Following the recommendations of the CDC and the Centers for Medicare and Medicaid Services of prioritizing urgent and emergent visits and procedures, scheduling procedures and diagnostic studies have been affected [6,7]. Kassardjian et al., on behalf of the American Association of Neuromuscular & Electrodiagnostic Medicine (AANEM), have addressed the utilization of electrodiagnostic studies by creating a concise practical guideline [5]. They recommend avoiding any outpatient procedure unless it is urgent, and the consequences would be detrimental if not performed in a timely manner. However, determination of the degree of urgency of an EMG procedure (or lack thereof) clearly requires a case-by-case review. Telehealth could be used to make this decision. It can also be used to provide reassurance if a study is postponed [5]. As for the inpatient setting, they also recommend avoiding any study unless it is urgent and would significantly alter management [5]. Even when performing essential procedures, physicians and technicians should practice the highest levels of precautions. This includes deployment of appropriate personal protective equipment, proper hand and equipment cleaning, and limiting unnecessary equipment and personnel during patient testing [5].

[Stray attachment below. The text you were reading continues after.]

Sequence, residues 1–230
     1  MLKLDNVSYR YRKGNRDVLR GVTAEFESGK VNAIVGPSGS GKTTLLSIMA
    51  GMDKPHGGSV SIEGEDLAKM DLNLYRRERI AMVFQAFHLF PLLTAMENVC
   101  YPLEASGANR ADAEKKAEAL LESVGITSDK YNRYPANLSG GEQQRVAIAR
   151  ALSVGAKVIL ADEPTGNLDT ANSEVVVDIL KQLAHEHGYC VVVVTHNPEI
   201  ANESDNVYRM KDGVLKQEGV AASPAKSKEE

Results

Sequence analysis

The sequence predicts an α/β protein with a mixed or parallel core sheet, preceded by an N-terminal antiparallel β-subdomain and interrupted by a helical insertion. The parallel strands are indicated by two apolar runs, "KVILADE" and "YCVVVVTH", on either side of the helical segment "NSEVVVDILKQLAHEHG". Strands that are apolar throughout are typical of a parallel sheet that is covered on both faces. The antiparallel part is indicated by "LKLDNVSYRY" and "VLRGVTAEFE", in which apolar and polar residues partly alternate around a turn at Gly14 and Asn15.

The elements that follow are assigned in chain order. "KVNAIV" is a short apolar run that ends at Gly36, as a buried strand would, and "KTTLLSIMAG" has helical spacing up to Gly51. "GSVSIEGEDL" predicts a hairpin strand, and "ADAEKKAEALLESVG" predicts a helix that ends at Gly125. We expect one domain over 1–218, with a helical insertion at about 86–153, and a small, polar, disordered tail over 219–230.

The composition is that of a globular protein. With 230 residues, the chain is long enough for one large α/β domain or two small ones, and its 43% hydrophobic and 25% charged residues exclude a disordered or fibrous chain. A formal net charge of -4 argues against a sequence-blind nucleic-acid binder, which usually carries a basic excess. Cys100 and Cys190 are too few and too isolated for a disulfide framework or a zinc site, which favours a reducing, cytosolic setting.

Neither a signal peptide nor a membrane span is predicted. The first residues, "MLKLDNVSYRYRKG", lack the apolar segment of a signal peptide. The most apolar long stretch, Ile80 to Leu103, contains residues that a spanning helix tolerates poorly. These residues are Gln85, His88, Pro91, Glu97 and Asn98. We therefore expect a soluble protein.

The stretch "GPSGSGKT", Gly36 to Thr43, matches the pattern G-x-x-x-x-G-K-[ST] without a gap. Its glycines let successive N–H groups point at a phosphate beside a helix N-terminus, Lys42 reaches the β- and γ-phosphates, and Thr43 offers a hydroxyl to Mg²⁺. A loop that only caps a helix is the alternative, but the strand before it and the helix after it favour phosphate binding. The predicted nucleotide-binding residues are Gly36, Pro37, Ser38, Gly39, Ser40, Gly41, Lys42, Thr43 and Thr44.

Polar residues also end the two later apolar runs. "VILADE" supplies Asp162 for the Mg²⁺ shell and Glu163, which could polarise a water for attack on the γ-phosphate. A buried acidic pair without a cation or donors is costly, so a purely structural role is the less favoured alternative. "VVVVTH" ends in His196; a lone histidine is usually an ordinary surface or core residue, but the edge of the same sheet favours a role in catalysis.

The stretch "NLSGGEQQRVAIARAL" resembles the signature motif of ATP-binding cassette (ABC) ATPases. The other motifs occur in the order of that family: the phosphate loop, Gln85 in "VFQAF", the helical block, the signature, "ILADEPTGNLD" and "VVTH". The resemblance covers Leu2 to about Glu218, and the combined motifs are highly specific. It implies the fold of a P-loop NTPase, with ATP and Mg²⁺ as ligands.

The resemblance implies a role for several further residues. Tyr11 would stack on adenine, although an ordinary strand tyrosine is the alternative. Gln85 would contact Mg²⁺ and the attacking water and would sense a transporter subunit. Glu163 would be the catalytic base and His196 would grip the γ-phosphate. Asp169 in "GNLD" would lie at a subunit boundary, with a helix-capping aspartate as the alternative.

Discussion

Patients with chronic neurological conditions have been impacted by COVID-19 as well. So far, we do not have clear evidence that Parkinson ’ s patients have worse outcome if infected by COVID-19 [8]. However, most movement disorders patients are older with comorbidities which place them at a higher risk [3]. The pandemic has caused a cascade of rapid and drastic changes in lifestyle. Patients with cognitive decline are less likely to be able to adapt to these changes [3]. Moreover, the recommendations for social distancing will affect the way of life for these patients [3]. Fortunately, no reports on shortages of medication supply and availability have been documented [8]. Neurologists should be vigilant for detecting the direct and indirect impacts of this pandemic on their chronic patients.

According to Wang H et al. COVID-19 might also worsen the symptoms of dementia [9]. First, COVID-19 pneumonia can cause hypoxia leading to delirium. Secondly, older people in many countries, including those with dementia, tend to live alone or with their spouse. They may have limited knowledge or comfort using telecommunication resources, and therefore depend mostly on in-person support. This limitation, along with the requirements for social distancing, result in loss of regular contact with family members, which in turn leads to withdrawal and feelings of loneliness and abandonment. Therefore, for patients with dementia, it is of paramount importance not only to emphasize personal protective measures to reduce the risk of viral infection, but also to provide psychosocial support for the patients and their caregivers [9].